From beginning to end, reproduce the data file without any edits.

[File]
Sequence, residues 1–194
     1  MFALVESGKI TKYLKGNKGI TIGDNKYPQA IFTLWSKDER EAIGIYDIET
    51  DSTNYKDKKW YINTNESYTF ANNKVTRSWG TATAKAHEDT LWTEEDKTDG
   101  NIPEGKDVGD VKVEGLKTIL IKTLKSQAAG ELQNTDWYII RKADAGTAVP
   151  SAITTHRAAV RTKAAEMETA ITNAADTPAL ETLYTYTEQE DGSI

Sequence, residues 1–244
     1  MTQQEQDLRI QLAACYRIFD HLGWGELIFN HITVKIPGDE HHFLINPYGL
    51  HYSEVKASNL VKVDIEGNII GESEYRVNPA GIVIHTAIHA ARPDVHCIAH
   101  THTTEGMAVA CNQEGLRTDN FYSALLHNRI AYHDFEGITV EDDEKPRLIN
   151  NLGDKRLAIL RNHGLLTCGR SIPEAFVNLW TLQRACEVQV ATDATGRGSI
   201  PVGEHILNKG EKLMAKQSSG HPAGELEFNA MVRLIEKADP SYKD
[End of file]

Sequence, residues 1–194
     1  MFALVESGKI TKYLKGNKGI TIGDNKYPQA IFTLWSKDER EAIGIYDIET
    51  DSTNYKDKKW YINTNESYTF ANNKVTRSWG TATAKAHEDT LWTEEDKTDG
   101  NIPEGKDVGD VKVEGLKTIL IKTLKSQAAG ELQNTDWYII RKADAGTAVP
   151  SAITTHRAAV RTKAAEMETA ITNAADTPAL ETLYTYTEQE DGSI

Sequence, residues 1–244
     1  MTQQEQDLRI QLAACYRIFD HLGWGELIFN HITVKIPGDE HHFLINPYGL
    51  HYSEVKASNL VKVDIEGNII GESEYRVNPA GIVIHTAIHA ARPDVHCIAH
   101  THTTEGMAVA CNQEGLRTDN FYSALLHNRI AYHDFEGITV EDDEKPRLIN
   151  NLGDKRLAIL RNHGLLTCGR SIPEAFVNLW TLQRACEVQV ATDATGRGSI
   201  PVGEHILNKG EKLMAKQSSG HPAGELEFNA MVRLIEKADP SYKD